Really, Sage? A date?"
I sighed. "Yes, Adrian. A date."
A real date. Not, like, doing homework together," he added. "I mean like where you go out to a movie or something. And a movie that's not part of a school assignment. Or about something boring."
"A real date." I figured I wouldn't give him the specifics on the Shakespheare play.
"What's the lucky guy's name?"
There was a pause. "Brayden? That his real name?"
"Why are you asking if everything's real? You think I'd make any of this up?"
"No, no," Adrian assured me. "That what's so ynbelievable about it. Is he cute?"
I glanced at the clock. It was time for me to meet my study group. "Gee, maybe I should just send you a picture to review?"
"Yes, please. And a full background check and life history."
"I have to go. Why do you care so much anyway?" I finally asked in exasperation.
His answer took a long time, which was uncharacteristic.
There are no preconditions for jealousy. You don't have to be right, you don't have to be reasonable. Take Othello. He was neither right nor reasonable, and Desdemona ended up dead. I wouldn't mind Leanne ending up dead. I wouldn't mind exploding her into fireworks of peacock and pearl.
We like to stress the commonness of heroes. Essences seem undemocratic. We feel oppressed by the call to greatness. We regard an interest in glory or perfection as a sign of mental unhealthiness, and have decided that high achievers, who are called overachievers, owe their surplus ambition to a defect in mothering (either too little or too much). We want to admire but think we have a right not to be intimidated. We dislike feeling inferior to an ideal. So away with ideals, with essences. The only ideals allowed are healthy ones -- those everyone may aspire to, or comfortably imagine oneself possessing.
I knew what it felt like to have no say in who you were as a sexual being. It didn’t just strip away your dignity. It stripped away everything you were: your identity, your self-respect, your pleasure. Because it was all about the pleasure of the other person take, take, taking whatever they wanted from you, even if it was uncomfortable, or caused you pain. Even if you died from it, the other person still wouldn’t care, because it was all about them.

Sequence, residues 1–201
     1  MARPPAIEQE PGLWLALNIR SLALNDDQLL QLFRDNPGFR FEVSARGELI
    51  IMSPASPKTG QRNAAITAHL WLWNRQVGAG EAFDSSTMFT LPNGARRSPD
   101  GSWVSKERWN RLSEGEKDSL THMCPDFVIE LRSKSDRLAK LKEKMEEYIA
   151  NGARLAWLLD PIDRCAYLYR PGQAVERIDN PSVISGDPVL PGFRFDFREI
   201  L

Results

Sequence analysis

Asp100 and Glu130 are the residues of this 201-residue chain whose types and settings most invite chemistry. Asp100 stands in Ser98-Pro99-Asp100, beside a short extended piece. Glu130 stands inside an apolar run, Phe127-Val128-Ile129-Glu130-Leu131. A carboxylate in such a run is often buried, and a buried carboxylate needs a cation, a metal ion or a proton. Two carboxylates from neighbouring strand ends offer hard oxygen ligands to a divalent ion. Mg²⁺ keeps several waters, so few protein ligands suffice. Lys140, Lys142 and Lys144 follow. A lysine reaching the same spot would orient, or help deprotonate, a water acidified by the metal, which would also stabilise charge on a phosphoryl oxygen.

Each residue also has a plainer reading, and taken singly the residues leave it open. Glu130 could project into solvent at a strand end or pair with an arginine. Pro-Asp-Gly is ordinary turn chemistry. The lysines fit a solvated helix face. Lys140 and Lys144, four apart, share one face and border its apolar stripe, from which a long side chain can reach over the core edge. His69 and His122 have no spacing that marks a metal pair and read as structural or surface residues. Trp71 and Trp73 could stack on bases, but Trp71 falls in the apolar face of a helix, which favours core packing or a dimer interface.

Seeing no better jobs on the horizon than flipping hamburgers with so much grease it would make Portugal, Italy, and Spain jealous, I decided to go back to school. It reminds me of something Zelda’s mom told her in November 2007: “Some people flip condos and make millions. Your boyfriend couldn’t even flip burgers and make minimum wage.
Every day, streets papered with more and more for .
Reward, reward, reward.
Reward for information.
If you see something, say something.
A paper town, a paper world: paper rustling in the airm whispering to me, hissing out a message of posion and jealousy.
If you know something, do something.
I'm sorry, Lena.
Flailing and thrashing, Buttercup wept and tossed and paced and wept some more, and there have been three great cases of jealousy since David of Galilee was first afflicted with the emotion when he could no longer stand the fact that his neighbor Saul's cactus outshone his own. (Originally, jealousy pertained solely to plants, other people's cactus or ginkgoes, or, later, when there was grass, grass, which is why, even to this day, we say that someone is green with jealousy.) Buttercup's case rated a close fourth on the all-time list.
It was a very long and very green night.
Then must you speak
Of one that loved not wisely but too well,
Of one not easily jealous but, being wrought,
Perplexed in the extreme; of one whose hand,
Like the base Indian, threw a pearl away
Richer than all his tribe; of one whose subdued eyes,
Albeit unused to the melting mood,
Drop tears as fast as the Arabian trees
Their medicinable gum. Set you down this,
And say besides that in Aleppo once,
Where a malignant and a turbaned Turk
Beat a Venetian and traduced the state,
I took by th' throat the circumcised dog
And smote him thus.
Modern Romans insisted that there was only one god, a notion that struck Alobar as comically simplistic. Worse, this Semitic deity was reputed to be jealous (what was there to be jealous of if there were no other gods?), vindictive, and altogether foul-tempered. If you didn't serve the nasty fellow, the Romans would burn your house down. If you did serve him, you were called a Christian and got to burn other people's houses down.
Don't show a friend your gift, or your bag of money if you still want to maintain your relationship, but if nay, go on, and all you'll see is hate and jealousy, and you'll fight with him in the street like a dog and all you'll feel is regret.